Digital Rights Management

Protecting valuable information from misuse, theft or misappropriation is a minefield of conflicting opinions, expectations, laws and technologies.

As new storage and distribution channels become available -- DVD and peer-to-peer file-sharing networks, for instance -- traditional rules and physical limitations no longer apply. To see why digital rights management (DRM) is so contentious, let's examine the three words individually.


When information was entirely analog in nature, distribution and publishing required physical vehicles: printing it on paper, recording it in vinyl grooves or on magnetic tape, and exposing it on photographic film or paper.



Producing these vehicles is relatively expensive. While people could always make analog duplicates, doing so was generally complex, slow and expensive, and resulted in degraded quality. These technical and economic limitations protected publishers against unauthorized distribution. If you wanted a second copy, it was simplest and often cheapest just to buy another.

Digital technology changed everything. Today, most information, from newspaper stories to motion pictures, is available in digital form. It's quick and simple to make absolutely perfect copies of digital data. Such copying costs virtually nothing and doesn't alter the original or make it unavailable.

Digital theft made its first widescale appearance in software in the 1970s, as the fledgling Micro-Soft Corp. found that people were making paper-tape copies of its Basic program without paying for it. Software piracy is still a problem, and Microsoft is one of the more active players fighting it.

For digital information, the Internet eliminates the need to sell and move physical objects, such as books or magazines, floppy disks, cassette tapes or CDs. With high-speed networks and widely accessible broadband, we can send digital content anywhere in the world almost instantaneously and at virtually no cost.


Copyright, patent and trade secret laws give certain privileges to the holders of such rights, letting them share, sell or withhold information for a period of time. Tradition and legislation define what users can do with information they buy. For example, if I buy a book or a music recording, I can read or listen to it, pass it along to a friend, make a copy or use the original in another machine (such as a car player). I can buy a used book or CD at a reduced price. A library can lend its books to thousands.

There are rights I don't have. I can't make changes and sell the revised work as my own. I can't make and sell unmodified copies. I can't incorporate pieces of such works in something I produce without permission. I can't charge people admission to watch my DVDs.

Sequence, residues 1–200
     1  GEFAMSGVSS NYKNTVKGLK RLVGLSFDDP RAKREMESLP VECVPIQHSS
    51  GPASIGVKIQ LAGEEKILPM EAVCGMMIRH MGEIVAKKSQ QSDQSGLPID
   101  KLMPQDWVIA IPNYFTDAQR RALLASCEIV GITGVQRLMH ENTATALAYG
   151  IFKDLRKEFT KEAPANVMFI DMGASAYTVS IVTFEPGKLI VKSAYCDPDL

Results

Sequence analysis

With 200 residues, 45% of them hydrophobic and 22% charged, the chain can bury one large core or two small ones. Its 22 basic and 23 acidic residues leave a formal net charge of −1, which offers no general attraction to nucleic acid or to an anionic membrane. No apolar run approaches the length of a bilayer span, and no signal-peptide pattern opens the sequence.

Digital content creates rights that didn't exist for analog products. For example, I can buy an aerial photograph of a particular location, or I can buy a satellite photograph in digital form. That satellite image is limited in the size of the smallest detail it can show, but it's packaged with another image I can view at higher resolution, if I'm willing to pay a little more.


We can enforce policies far more Draconian and restrictive than previously possible. If I buy an e-book, for example, I might find these limitations: I can only read it on a single machine; I can't make backup copies; I can't lend it to a friend; I can only read the book a certain number of times, or within a specific time interval, before it expires; and I can't print it out.

In the wake of Napster and declining music CD sales, several publishers have launched commercial online music distribution services. For a monthly fee, you can download and listen to a certain number of songs from their catalogs. But there's often a catch: Miss a monthly payment and you can't listen to any of the songs you previously paid for and downloaded. Or maybe you can only listen to a song for a designated period of time. You can't burn the song to a CD or copy it to a handheld MP3 player. None of these restrictions apply if you just buy the physical CD.

Microsoft has included DRM technology in its new Windows Server 2003, Office 2003 productivity suite and an add-on for Internet Explorer. This will let users designate who can open a Word document or Outlook e-mail message and whether they can print, copy or forward it.

Kay is a Computerworld contributing writer in Worcester, Mass. Contact him at

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Copyright © 2003 IDG Communications, Inc.

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